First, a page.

I’m tempted to start up a betting pool for what stereotypical right-wing area the Government is going to look at reforming next. Reports have emerged that the Cabinet is going to look to back workers’ rights, which, along with the EU and tax cuts, is one of the three pillars that seem to cause irrational frothing around the mouth of a certain type of Tory.
The likelihood that the government is able to actually go through with plans that will strip back workers’ rights is quite small. The11 MP’s that rebelled over the Grieve Amendment are also the same group of Tories who are likely to rebel over issues like this, coming as they do from the moderate end of the party. A small, but focused rebellion from the Tories and the almost guaranteed opposition from labour, the SNP and the Lib Dems means that the Government would almost certainly be defeated if it were to progress with this part of the right-wing agenda.
It would be easy then for us to just chalk this up as a potential opportunity to defeat the Government and show once again that the Tories are out of touch with the rest of Britain. Labour and the left shouldn’t rest on its laurels though. In some ways, the almost Pavlovian response the Right has to try to mess around with workers’ rights when in power provides the left with an opportunity to expand the discussion on workers’ rights further.
The left has found a lot of time to discuss and delve into issues such as the gig economy and the poor treatment that significant aspects of the workforce in that sector face, but there are a few other areas for workers of all sorts that could do with some focus and potentially some regulation to ensure that workers aren’t being exploited.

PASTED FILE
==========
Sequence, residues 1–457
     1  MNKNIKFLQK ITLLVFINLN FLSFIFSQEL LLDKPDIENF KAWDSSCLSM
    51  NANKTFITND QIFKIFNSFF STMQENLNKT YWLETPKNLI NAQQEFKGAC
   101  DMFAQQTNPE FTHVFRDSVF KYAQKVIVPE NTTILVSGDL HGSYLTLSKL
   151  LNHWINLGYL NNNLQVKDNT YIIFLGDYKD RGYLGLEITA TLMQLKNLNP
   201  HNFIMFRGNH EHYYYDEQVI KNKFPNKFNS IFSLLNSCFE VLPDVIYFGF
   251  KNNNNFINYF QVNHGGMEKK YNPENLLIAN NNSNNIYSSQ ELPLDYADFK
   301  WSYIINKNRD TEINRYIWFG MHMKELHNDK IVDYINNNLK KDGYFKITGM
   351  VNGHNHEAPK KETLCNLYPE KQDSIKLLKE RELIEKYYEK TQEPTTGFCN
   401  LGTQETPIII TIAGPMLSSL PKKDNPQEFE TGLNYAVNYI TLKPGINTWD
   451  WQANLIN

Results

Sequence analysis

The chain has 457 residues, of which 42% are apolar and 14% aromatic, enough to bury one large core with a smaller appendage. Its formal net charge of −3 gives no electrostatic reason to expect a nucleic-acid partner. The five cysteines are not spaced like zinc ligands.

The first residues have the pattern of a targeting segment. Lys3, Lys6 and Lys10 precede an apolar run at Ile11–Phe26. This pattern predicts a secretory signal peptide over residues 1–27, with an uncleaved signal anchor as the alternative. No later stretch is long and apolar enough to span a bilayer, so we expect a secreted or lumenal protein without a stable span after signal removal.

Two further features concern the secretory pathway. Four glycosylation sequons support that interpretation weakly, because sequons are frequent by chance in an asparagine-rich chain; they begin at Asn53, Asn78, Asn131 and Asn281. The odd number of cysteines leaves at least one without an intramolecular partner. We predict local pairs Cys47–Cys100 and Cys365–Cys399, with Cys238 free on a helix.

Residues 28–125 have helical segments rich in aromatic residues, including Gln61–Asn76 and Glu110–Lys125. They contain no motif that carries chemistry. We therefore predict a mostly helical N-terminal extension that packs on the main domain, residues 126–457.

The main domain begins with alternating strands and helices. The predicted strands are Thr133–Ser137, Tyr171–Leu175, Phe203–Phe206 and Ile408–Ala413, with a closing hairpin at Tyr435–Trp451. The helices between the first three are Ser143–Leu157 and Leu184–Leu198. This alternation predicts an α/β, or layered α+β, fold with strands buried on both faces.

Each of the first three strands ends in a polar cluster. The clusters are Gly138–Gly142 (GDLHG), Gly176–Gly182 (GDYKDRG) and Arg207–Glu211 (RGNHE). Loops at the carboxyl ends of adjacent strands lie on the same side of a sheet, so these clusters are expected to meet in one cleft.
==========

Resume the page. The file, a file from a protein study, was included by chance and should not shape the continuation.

As technology progresses employees are increasingly finding themselves looking at work issues in their free time. It’s quite common for office-based workers to either have a work phone with their emails set up, or to have their work emails set up on their personal devices. This means that even in their free time they’re getting email alerts for work wherever they go. When an alert comes up, it’s almost second nature to check the email, assess what it is, and maybe even shoot off a quick reply. Whilst each individual email may not take up much time, over a year it’ll all add up, and it’s all time that people are working that they aren’t getting paid for.
France has taken a stab at solving this problem by instituting a “ Right to disconnect” and banning answering work emails post 6 pm. This is one of those areas where the French have probably got the rough outline of a good idea, but it’ll need tweaking to fit the British context. Adapting something like the working time directive to include the “right to disconnect” and setting out a legal requirement that workers do not HAVE to respond or deal with out of office emails should be an easy thing to do. It would also allow us to bring flexibility into the system. There are some individuals (and I can include myself in this), who would happily opt out of such a right ( I get bored easily at times and work will quite often be something I can sink my teeth into that kills time and is also productive).
Combining the right to disconnect with a stronger requirement to allow office workers to work from home, making flexi-time a mandatory thing for companies to offer their employees could form the basis of a strong offering for professional workers, helping keep an essential part of the Labour electoral coalition in place.
Such an offering would only really work for professionals though, so it would need to offer a comprehensive package which was able to resolve many of the issues for the rest of the workforce, but put together you could see the start of a reform package that would be easily deliverable, and be the part of a strong message that would differentiate Labour from the Tories very effectively, provided Labour want to make it a priority.